University of Wisconsin–Madison

Control Programs Work!

R. Scarpelli together with seven Italian colleagues reported on the success of the Voluntary National Control Plan and Guidelines developed by the Italian Ministry of Health in 2013 at controlling paratuberculosis in Italian dairy herds of varying sizes.

Their publication appears in the June 2023 issue of Preventive Veterinary Medicine.

This graphic from their publication shows a steady rise in the number of ELISA negative herds (green bars), and a concomitant decrease in the number of herds with a low percentage of ELISA-positive animals (yellow bars) and number of herds with a higher percentage of ELISA-positive cows (red bars) over the time period of the study, 2017 to 2020. Interestingly, one farm that decided not to follow the proposed control program, but accepted to be sampled every year, showed an increasing rate of ELISA-positive cows (from 5.2% in 2017 to 7.6% in 2020).


Paratuberculosis is considered one of the most economically devastating infectious diseases of domestic livestock, and the most effective control strategy is a combination of ‘test-and-cull’ and on-farm biosecurity measures. In Italy, a Voluntary National Control Plan (VNCP) and guidelines have been introduced to reduce the impact of the disease, and farmers can voluntarily enroll in the control plan. The main aims of this study were: i) the description of the trend over a 4-year period on total, within-herd (WH) and between herd (BH) apparent seroprevalences observed in 64 dairy herds members of a mutual company located in Italy after the introduction of a proposed “Customized Control Plan” (CCP); ii) the evaluation of its effectiveness in terms of percentage of participating farms that decided to join the VNCP. Analyses on serum samples were performed with Enzyme-Linked ImmunoSorbent Assay (ELISA) method and revealed a general decrease in both total, WH and BH apparent seroprevalence. Total average apparent seroprevalence decreased from 2.39% in 2017 to 1% in 2020. Negative herds rose from 51.9% in 2017 to 71.1% in 2020, while farms with WH apparent seroprevalence >5% decreased from 17.3% in 2017 to 4.4% in 2020. BH apparent seroprevalence decreased from 51.2% in 2017 to 29.2% in 2020. Among the 52 out of 64 herds that accepted to continue the proposed CCP after the first year, 41 (78.8%) joined in 2020 the VNCP, that assessed the health ranking of the herds. The results provide evidence that a control plan based on a farm-specific strategy and a subsidized testing process can effectively reduce the impact of paratuberculosis in dairy herds, especially in convincing farmers to continue in paratuberculosis control by joining the VNCP, including them in a national context and increasing their awareness of the disease.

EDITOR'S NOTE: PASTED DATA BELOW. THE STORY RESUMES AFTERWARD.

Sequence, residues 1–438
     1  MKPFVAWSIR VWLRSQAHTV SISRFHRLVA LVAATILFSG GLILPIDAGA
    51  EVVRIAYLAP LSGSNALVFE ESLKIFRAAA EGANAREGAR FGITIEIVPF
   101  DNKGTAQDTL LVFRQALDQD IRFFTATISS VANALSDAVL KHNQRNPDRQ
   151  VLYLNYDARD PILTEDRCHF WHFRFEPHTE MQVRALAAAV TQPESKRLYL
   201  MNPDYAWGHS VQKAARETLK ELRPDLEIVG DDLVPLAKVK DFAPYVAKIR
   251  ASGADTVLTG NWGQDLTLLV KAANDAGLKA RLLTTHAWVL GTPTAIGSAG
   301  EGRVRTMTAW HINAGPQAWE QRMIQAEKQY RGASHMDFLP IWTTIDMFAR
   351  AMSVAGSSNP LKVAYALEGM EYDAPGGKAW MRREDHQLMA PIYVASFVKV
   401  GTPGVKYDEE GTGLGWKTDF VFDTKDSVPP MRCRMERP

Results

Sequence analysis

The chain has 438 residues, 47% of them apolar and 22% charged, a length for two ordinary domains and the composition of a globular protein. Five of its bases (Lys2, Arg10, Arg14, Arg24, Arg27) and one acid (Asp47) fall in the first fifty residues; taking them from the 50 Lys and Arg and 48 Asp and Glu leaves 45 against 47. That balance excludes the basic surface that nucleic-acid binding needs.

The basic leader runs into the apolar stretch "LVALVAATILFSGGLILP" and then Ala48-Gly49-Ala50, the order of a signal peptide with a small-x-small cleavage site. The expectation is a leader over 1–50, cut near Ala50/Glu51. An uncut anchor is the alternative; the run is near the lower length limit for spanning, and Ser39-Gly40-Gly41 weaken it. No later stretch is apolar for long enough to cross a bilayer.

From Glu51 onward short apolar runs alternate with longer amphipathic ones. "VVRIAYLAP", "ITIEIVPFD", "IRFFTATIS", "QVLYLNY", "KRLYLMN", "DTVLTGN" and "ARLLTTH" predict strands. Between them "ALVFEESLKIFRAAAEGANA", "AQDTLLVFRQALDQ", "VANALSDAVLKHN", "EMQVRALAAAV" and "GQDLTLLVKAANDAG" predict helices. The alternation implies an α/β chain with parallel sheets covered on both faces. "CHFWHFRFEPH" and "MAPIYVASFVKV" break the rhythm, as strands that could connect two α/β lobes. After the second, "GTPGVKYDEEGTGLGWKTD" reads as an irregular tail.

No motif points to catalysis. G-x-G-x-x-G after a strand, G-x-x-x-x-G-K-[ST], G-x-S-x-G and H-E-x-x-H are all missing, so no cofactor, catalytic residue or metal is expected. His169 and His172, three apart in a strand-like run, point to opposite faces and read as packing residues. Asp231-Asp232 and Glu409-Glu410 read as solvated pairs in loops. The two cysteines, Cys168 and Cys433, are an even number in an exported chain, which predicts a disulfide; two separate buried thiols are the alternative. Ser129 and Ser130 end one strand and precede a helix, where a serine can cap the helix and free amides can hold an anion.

This study adds to the body of literature showing that paratuberculosis (Johne’s disease) in dairy cattle herds can be controlled using a cost-effective diagnostic test (ELISA) combined with herd management changes.